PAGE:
Lions 19, Redskins 14

Lions’ skid: 19 and done

Redskins assist in ending streak

By Larry Lage
Associated Press / September 28, 2009

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DETROIT - Matthew Stafford held his head down on the bench for the final snap.

Dominic Raiola couldn’t watch, either, fearing a 20th loss in a row and 100th setback of his nine-season career.

When Detroit’s leaders looked up and saw Washington was out of time, they saw what they were hoping to see yesterday.

Lions 19, Redskins 14.

Believe it.


“We not only got the monkey off our back, we got King Kong off our back,’’ said Lions owner William Clay Ford. “I’m hoping that this gets us over that hump and gives us a winning attitude.’’

Detroit (1-2) hadn’t won since Dec. 23, 2007, and its 19-game skid matched the second longest in NFL history. The Lions no longer have to hear about Tampa Bay’s record 26-game losing streak.

“I’ve always watched, but I’ve never been in this situation before,’’ Raiola said. “No team has been in this situation before.’’

The one benefit of losing every game last season was it gave Detroit the No. 1 pick in the draft. The Lions chose Stafford, hoping he would be the franchise quarterback it has lacked for decades. The Lions have won one playoff game and had one Pro Bowl QB since winning the 1957 NFL title.

Stafford threw a 21-yard touchdown pass to Bryant Johnson in the first quarter, drew a 47-yard pass interference penalty to set up a fourth-quarter score, and didn’t turn the ball over after throwing two interceptions in his first two games.

Stafford smiled as often as any long-suffering Lions fan, playfully sticking out his tongue toward the Detroit sideline, and looked like a 21-year-old kid having a blast.

“I’m having fun,’’ he said. “It’s a great game we get to play.’’

Following a brief meeting and prayer in the locker room, first-year coach Jim Schwartz sent his players back to the field to celebrate nine months after becoming the first NFL team to have an 0-16 season.

Washington doesn’t have the burden of a long losing streak. It does, though, have plenty of problems.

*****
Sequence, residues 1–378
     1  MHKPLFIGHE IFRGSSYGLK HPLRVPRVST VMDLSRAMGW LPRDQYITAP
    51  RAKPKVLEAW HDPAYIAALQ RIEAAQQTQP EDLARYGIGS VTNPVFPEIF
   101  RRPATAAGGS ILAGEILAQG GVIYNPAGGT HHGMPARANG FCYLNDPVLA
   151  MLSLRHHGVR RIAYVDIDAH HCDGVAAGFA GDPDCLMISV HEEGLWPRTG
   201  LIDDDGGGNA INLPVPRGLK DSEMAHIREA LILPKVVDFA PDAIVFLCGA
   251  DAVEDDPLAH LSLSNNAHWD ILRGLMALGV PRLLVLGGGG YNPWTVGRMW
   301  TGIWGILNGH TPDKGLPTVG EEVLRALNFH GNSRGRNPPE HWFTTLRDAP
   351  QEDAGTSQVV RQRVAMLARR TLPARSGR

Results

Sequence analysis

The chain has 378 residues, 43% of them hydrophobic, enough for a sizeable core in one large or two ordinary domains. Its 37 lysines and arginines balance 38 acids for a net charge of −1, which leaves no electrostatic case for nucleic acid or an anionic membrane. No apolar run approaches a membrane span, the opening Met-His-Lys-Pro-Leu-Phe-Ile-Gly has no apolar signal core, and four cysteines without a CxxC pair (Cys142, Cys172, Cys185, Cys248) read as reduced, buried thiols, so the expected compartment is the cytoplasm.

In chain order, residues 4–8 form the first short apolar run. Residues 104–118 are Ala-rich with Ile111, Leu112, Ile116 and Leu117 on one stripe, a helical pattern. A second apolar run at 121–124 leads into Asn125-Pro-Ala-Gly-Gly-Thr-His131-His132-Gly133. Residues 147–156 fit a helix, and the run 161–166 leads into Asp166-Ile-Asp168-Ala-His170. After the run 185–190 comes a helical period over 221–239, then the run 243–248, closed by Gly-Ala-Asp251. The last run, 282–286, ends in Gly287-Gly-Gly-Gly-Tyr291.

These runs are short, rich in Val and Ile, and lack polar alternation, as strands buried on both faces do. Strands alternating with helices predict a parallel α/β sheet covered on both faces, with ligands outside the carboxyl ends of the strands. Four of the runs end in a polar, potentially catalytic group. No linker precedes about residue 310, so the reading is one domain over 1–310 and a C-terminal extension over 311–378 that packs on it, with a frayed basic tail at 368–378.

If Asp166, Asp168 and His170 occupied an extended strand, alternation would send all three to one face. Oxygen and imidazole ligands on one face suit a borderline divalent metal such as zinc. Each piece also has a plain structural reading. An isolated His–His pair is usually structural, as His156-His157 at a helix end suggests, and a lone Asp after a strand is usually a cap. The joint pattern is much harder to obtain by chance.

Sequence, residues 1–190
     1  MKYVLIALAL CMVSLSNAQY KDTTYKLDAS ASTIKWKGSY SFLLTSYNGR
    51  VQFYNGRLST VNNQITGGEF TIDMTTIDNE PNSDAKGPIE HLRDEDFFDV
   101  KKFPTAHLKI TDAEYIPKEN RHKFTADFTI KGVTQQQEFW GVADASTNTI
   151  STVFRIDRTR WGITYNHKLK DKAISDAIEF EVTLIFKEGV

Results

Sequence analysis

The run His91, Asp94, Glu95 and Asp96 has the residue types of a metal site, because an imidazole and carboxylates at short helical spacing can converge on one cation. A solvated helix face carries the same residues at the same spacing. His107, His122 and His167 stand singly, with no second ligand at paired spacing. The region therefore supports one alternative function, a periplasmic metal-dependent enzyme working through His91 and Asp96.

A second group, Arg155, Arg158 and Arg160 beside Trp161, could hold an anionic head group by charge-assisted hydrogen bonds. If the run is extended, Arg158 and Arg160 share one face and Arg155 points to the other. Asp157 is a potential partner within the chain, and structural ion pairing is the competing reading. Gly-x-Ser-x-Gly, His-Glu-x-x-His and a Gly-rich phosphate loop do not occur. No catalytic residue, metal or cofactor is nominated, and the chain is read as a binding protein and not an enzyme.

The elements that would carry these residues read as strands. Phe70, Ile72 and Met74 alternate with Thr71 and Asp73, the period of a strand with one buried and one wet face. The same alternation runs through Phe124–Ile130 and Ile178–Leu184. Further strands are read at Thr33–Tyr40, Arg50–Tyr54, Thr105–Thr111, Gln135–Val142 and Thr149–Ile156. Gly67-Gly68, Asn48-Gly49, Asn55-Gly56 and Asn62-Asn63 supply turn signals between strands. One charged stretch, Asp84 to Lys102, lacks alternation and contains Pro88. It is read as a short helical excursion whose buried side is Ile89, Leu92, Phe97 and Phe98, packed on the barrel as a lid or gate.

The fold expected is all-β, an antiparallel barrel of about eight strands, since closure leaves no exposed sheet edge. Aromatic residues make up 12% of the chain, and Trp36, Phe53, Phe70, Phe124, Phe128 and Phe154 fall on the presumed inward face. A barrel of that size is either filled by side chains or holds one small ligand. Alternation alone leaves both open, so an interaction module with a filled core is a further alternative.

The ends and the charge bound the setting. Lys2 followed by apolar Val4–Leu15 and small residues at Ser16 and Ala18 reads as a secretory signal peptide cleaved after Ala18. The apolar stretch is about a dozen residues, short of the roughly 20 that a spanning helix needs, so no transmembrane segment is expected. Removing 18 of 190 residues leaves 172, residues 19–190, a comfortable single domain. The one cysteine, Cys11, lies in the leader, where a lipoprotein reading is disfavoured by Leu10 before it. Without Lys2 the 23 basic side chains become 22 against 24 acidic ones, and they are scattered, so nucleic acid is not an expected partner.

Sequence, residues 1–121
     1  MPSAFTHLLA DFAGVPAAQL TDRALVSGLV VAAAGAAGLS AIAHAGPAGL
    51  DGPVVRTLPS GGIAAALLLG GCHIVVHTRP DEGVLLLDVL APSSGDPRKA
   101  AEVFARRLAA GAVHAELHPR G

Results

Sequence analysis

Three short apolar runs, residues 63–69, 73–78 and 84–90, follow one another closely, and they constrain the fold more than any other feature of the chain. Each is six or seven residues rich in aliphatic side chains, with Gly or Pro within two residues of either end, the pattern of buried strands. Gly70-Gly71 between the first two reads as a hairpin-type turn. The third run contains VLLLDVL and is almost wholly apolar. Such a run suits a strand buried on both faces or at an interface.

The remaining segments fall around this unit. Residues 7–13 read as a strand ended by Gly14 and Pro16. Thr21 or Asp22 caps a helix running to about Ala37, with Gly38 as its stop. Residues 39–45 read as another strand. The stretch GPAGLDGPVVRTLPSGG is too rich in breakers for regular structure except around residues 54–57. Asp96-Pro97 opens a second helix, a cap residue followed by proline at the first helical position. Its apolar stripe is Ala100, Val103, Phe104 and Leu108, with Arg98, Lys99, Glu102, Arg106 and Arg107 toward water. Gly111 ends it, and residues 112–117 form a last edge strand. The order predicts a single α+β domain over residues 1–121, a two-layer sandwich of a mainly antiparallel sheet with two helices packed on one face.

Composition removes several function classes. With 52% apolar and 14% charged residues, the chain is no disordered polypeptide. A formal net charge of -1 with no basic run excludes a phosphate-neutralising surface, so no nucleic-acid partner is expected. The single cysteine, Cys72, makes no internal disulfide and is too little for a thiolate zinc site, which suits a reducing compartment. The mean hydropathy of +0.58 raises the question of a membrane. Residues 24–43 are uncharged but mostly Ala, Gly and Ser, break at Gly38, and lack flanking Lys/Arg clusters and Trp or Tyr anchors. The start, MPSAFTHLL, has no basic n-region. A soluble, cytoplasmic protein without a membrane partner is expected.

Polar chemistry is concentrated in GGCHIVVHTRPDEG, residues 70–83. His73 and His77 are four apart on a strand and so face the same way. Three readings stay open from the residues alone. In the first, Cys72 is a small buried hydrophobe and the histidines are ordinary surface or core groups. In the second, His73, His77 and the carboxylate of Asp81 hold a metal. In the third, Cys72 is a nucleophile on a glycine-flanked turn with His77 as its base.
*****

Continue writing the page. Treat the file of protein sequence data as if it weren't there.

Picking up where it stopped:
“You either want it or you don’t. A lot of these guys don’t want it,’’ Redskins cornerback DeAngelo Hall said. “They want the other stuff.’’

The Redskins (1-2) pulled within 5 points on Jason Campbell’s second TD pass with 2:36 left, but couldn’t prevent the Lions from picking up a first down that ran time off the clock and cost them three timeouts.

Washington had its last of many chances to win from its 22 with 1:05 left and failed to do much more than scare the Lions by driving into their territory.

The Redskins wasted opportunities all afternoon to avoid the embarrassment of losing to the lowly Lions. Embattled coach Jim Zorn was burned by at least two decisions. He went for it on fourth and goal from the 1 on Washington’s first drive and Clinton Portis was stopped.

“I didn’t think we’d be denied getting in the end zone and we were,’’ Zorn said. “But there was no way a team could drive 99 yards on us was my thought.’’

But Detroit did. The Lions did it on 12 plays over nearly six minutes, capping the impressive drive with Johnson’s fantastic catch on a high throw in the end zone from Stafford.

On the possession, Zorn accepted a penalty instead of leaving the Lions with a 50-yard kick. Instead, Stafford ducked to avoid a sack and ran for 21 yards to convert a third and 13 that set up his TD pass on the next play.

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